Neurology of developmental dyslexia.

Department of Neurology, Beth Israel Hospital, Boston, Massachusetts.
Current Opinion in Neurobiology (Impact Factor: 6.77). 05/1993; 3(2):237-42. DOI: 10.1016/0959-4388(93)90216-L
Source: PubMed

ABSTRACT Developmental dyslexia was until recently considered to belong solely in the domain of educational psychology. With the advent of better theories on language and reading, and better methods for assessing the structure and function of living human brains and for determining genetic transmission, dyslexia is now poised to become a focal concern of cognitive neuroscience, neurology, and genetic research. Still unresolved are questions relating to how much a reading disability represents a normal variation or a separate pathological entity, and whether the cognitive disorder is primarily cognitive, or secondary to a disorder in early perception. Recent findings from neuroanatomy, neurophysiology, neuropsychology, and genetics research are reviewed. (This review is an updated version of a review first published in Current Opinion In Neurology and Neurosurgery 1992, 5:71-76.)

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    ABSTRACT: In this chapter we will engage in a theoretical quest for ways to ameliorate reading fluency in dyslexics. In the first section we will provide an overview of research on dyslexia and dyslexia treatment and we will discuss the limitations of traditional interventions to ameliorate the poor reading fluency of dyslexic children. In the second section of the chapter we will have a closer look on reading fluency, often referred to as the "neglected" aspect of reading. We will discuss the essential role of extensive reading experience in the development of reading fluency and focus on repeated reading, the most familiar and most researched approach to fluency training. A state of the art overview of insights from cognitive neuroscience, concerning fluent and disrupted reading, will be given in the third section of the chapter. In this light we will discuss cognitive, neurobiological and connectionist models on reading development and additionally focus on other areas of skill learning, such as chess. In the fourth section we will amalgamate the various insights, draw several conclusions regarding fluency-oriented instructional practices, and proposed some new directions for dyslexia treatment. Additionally, we will demonstrate the unique possibilities provided by edugames, or computer-game training, for the implementation of the proposed educational principles. As an example we will present an edugame, called LexyLink, which we developed in our own laboratory and which we are currently testing in our institute.
    Educational Psychology: Cognition and Learning, Individual Differences and Motivation, Edited by Larson, 01/2009: chapter 3: pages 115-143; Nova Science Publishers., ISBN: 978-1-60692-276-7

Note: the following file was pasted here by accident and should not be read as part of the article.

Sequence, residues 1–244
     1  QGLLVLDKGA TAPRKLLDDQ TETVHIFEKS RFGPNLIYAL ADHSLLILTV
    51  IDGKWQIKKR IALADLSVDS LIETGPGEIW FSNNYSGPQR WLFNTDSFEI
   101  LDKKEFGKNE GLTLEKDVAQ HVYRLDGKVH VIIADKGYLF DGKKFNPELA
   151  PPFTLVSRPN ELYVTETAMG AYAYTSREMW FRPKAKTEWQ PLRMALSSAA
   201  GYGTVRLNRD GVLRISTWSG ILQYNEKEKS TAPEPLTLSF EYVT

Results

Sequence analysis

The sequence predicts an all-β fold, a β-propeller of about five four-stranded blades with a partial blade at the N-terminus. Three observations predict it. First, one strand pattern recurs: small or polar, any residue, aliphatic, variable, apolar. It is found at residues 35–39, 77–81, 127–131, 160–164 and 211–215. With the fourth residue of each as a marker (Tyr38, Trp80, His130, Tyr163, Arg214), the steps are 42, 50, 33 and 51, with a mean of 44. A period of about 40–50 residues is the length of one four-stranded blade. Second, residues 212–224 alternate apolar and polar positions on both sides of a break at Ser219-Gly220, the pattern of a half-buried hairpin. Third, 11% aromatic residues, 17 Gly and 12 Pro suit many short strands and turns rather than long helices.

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    ABSTRACT: Dyslexia is generally diagnosed in childhood and is characterised by poor literacy skills with associated phonological and perceptual problems. Compensated dyslexic readers are adult readers who have a documented history of childhood dyslexia but as adults can read and comprehend written text well. Uncompensated dyslexic readers are adults who similarly have a documented history of reading impairment but remain functionally reading-impaired all their lives. There is little understanding of the neurophysiological basis for how or why some children become compensated, while others do not, and there is little knowledge about neurophysiological changes that occur with remedial programs for reading disability. This paper will review research looking at reading remediation, particularly in the context of the underlying neurophysiology.
    01/2014; 2014:802741. DOI:10.1155/2014/802741
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    ABSTRACT: Observable behavior, such as test scores, is the gold standard by which we make judgments about levels of function, grade placements, and the presence/absence of pathology. Individual differences in test performance have long intrigued researchers and clinicians, and some have noted how people can come up with essentially the same answers using different strategies. Thus, product, or overt test score, does not always tell us about the underlying cognitive or neurological process involved. We provide results from an ongoing brain imaging study of spatially superior–reading disabled adults, showing how different, hitherto unseen, neural processes can yield similar overt test behavior in some domains and not others. These data raise our awareness of how individual differences in neurology might be considered alongside behavioral observations. Implications for practice and how these data address assumptions in the twice-exceptional field are discussed.
    Roeper Review 10/2013; 35(4):241-253. DOI:10.1080/02783193.2013.825365

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